SISTER SLEDGE: 'Thinking Of You - The Atco, Cotillion & Atlantic Recordings 1973-1985' (SoulMusic Records)

Sunday, 01 March 2020 10:42 Charles Waring E-mailPrintPDF

                             altSister Sledge are a bona fide household name, of course,  thanks to several big worldwide hits that sealed their immortality and confirmed their inclusion in the annals of popular music. Their most famous recordings include the empowering feel-good anthem 'We Are Family,' along with 'He's The Greatest Dancer,' 'Lost In Music' and 'Frankie,' which, with their catchy refrains and danceable grooves, are indelibly seared into the consciousness of millions of people around the globe. But although Philadelphia sisters Debbie, Joni, Kim and Kathy Sledge have been stereotyped as a disco act, this comprehensive six-disc box set shows that they were so much more.

'Thinking Of You' spans twelve years and contains eight complete albums they recorded for three WEA-affiliated labels: 'Circle of Love,' 'Together,' 'We Are Family,' 'Love Somebody Today,' 'All American Girls,' 'The Sisters,' 'Bet Cha Say That To All The Girls,' and 'When The Boys Meet The Girls.' There is also a generous supply on bonus material, including several non-album singles and a clutch of 12-inch remixes (the latter are grouped on the final disc).

Though they shot to fame in 1979 when they teamed up with Chic's main men, producers/songwriters Nile Rodgers and Bernard Edwards, the group's recording career began six years earlier.  That was when as teenagers they signed to Atlantic Records' Atco subsidiary and cut a clutch of non-album 45s.  Among them was the gorgeous, dreamy ballad, 'The Weatherman,' helmed by The Young Professionals (writers/producers Phil Hurtt, LeBaron Taylor and Tony Bell) and the funkafied dancer, 'Mama Never Told Me' (their first UK hit).  Both cuts are appended on this compilation to their debut album, 1975's 'Circle Of Love.' That particular album, produced by Bert DeCoteaux and Tony Silvester, was a decent set, yielding the US R&B Top 40 hit  'Love Don't You Go Through No Changes On Me.' In between their next album, 'Together,' the girls released a couple of non-album singles, including 'Thank You For Today' and the Bobby Eli-penned and produced 'Cream Of The Crop,' which both made the lower reaches of the R&B singles chart. But 'Together,' their debut long-player for Cotillion,  is arguably Sister Sledge's most overlooked work. Helmed by Michael Kunze and Silvester Levoy, it included the charting single 'Blockbuster Boy,' but unlike the sisters' debut LP, failed to dent the R&B albums chart. Even so, it was a solid, if unspectacular, effort: its standout being a souped-up disco version of Stevie Wonder's 'As.'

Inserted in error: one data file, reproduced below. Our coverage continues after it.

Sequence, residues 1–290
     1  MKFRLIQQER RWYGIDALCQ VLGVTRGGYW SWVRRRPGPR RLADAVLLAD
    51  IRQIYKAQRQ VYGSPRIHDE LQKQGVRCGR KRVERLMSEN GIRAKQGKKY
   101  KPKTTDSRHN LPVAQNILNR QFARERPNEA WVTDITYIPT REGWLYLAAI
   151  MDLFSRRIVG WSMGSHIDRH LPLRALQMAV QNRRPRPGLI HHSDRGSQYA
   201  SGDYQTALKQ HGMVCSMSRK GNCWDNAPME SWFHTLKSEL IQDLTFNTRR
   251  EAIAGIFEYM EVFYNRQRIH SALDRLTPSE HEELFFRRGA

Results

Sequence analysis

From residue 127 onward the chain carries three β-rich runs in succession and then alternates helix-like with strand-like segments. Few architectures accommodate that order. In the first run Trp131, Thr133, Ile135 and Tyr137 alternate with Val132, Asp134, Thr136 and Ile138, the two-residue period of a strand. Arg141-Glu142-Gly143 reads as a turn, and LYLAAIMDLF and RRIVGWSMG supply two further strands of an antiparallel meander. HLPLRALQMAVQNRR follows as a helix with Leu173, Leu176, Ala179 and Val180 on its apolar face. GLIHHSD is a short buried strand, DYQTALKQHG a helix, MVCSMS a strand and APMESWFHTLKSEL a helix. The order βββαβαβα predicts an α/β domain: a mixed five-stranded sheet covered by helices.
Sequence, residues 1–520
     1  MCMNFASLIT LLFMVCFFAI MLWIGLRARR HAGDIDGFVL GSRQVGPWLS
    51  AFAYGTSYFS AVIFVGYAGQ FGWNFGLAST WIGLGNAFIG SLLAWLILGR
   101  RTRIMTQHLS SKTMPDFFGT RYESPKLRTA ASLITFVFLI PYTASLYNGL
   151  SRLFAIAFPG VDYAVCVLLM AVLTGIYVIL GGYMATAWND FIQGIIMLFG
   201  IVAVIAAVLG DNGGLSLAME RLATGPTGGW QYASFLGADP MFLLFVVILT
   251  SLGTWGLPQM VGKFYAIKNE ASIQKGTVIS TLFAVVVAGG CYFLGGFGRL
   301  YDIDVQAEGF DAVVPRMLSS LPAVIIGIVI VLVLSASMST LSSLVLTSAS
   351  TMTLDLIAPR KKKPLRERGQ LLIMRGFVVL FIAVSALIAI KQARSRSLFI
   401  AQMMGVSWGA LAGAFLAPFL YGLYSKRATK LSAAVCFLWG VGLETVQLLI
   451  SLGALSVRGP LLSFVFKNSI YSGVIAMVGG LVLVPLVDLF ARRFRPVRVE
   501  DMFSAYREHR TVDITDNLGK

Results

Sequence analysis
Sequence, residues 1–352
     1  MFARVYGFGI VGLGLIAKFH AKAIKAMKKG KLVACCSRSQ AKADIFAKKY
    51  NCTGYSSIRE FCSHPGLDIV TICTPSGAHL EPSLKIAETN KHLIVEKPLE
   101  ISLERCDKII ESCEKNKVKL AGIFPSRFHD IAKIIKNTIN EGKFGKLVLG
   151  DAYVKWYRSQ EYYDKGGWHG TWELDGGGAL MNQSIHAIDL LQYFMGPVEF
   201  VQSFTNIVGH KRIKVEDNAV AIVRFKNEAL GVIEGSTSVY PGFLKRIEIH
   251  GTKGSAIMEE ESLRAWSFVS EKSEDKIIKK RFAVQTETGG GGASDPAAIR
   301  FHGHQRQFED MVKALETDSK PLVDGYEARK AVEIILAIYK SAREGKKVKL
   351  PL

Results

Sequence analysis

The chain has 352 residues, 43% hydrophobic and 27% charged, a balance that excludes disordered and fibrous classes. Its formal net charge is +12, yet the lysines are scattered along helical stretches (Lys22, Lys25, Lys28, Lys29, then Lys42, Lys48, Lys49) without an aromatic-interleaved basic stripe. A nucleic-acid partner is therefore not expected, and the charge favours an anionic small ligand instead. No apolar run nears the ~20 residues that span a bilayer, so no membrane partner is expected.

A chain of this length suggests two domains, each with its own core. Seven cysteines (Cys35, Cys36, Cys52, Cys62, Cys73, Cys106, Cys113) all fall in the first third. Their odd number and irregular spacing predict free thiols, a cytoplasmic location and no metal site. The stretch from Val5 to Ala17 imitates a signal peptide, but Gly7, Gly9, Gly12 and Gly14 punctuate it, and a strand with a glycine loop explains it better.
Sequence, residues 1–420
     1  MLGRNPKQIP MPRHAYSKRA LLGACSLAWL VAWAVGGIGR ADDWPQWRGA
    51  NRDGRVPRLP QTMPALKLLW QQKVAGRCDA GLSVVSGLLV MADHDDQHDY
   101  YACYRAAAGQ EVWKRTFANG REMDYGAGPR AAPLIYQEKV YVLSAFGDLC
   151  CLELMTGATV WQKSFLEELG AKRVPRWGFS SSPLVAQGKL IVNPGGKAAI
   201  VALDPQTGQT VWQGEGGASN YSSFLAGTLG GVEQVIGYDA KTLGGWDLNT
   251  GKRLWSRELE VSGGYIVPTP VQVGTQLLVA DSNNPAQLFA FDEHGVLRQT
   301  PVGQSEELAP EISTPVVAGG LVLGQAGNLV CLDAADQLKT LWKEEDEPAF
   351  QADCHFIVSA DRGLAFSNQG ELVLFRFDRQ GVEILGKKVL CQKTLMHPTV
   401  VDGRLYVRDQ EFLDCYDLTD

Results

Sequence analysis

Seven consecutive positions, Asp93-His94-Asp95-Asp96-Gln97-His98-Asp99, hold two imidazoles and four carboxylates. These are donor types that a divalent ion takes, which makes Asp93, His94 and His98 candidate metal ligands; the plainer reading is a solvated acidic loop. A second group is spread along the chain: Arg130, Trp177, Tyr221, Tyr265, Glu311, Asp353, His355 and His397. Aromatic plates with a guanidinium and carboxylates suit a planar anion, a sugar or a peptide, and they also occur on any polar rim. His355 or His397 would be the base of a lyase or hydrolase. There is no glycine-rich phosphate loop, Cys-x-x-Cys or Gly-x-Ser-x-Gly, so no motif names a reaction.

Just as it looked as if Sister Sledge were going to slide into obscurity, rising disco producers Nile Rodgers and Bernard Edwards - the brains behind disco band Chic - signed up to produce the girls' next LP, 'We Are Family.' It was a game-changer, of course, for Sister Sledge, and catapulted them into the music mainstream. Forty-one years down the line, the album still sounds spectacular. But the girls' next album, 1980's 'Love Somebody Today,' also helmed by Rodgers-Edwards, didn't have the same impact, arguably falling victim to the growing 'Disco Sucks' movement. But as this box set reveals, it was an excellent collection packed with good songs, ranging from the bubbling funk of 'Reach Your Peak,' and jazzily soulful 'Let's Go On Vacation,' to the driving 'Pretty Baby,' propelled by Nile Rodgers' scything rhythm guitar. 

1981's 'All American Girls' LP saw them collaborate with rising producer, Narada Michael Walden. Ironically, its first single, the dancefloor-friendly title track co-written by the late Allee Willis, proved to be a bigger hit than the singles culled from 'Love Somebody Today.'  Another highlight from the album was the ballad, 'Next Time You'll Know.'

Despite a fruitful liaison with Walden, the sisters elected to produce themselves on their next LP, 1982's 'The Sisters,' which included a reworking of Mary Wells' Smokey Robinson-penned Motown hit, 'My Guy.' Interestingly, the girls also recorded a song called 'All The Man That I Need,' which Whitney Houston would transform into a global hit in 1989.

Their follow-up LP, 1983's 'Bet Cha Say That To All The Girls' put Sister Sledge in the studio with keyboard whiz George Duke, whose production style at that time relied on synths and drum machines, giving the girls an ultra-contemporary R&B sound. From it, 'B.Y.O.B. (Bring Your Own Baby)'  was a Top 30 US R&B hit. Al Jarreau contributed a jazzy rap on the album's title track, which is a horn-laden dance groove in the style of Michael Jackson's 'Thriller' opener, 'Wanna Be Starting Something.'

1985's 'When The Boys Meet The Girls' LP put Sister Sledge back in the studio with Nile Rodgers, minus Bernard Edwards. Sonically, though, the album was pop-oriented and very different from their disco style of the late '70s. It didn't make a significant commercial impact in the group's native USA but the single, 'Frankie,' was a surprise UK No. 1, spending a month at the summit of the British hit parade. Other highlights include 'Dancing On The Jagged Edge,' also a single.

The final disc in this collection is a rewarding listen for fans of Sister Sledge's disco period. It contains ten remixes, including a Tom Moulton-tweaked 'Mama Never Told Me' and extended club mixes of 'Lost In Music' - the ace 1984 revamp by Nile Rodgers - 'We Are Family, ' Thinking Of You' and 'He's The Greatest Dancer.'

An extended and absorbing accompanying essay, featuring Kathy Sledge's and Phil Hurtt's reminisces, completes a definitive and magnificently-produced overview of Sister Sledge's storied career. The box set is available from March 20th, 2020.

(CW) 4/5

Last Updated on Monday, 02 March 2020 18:59

 

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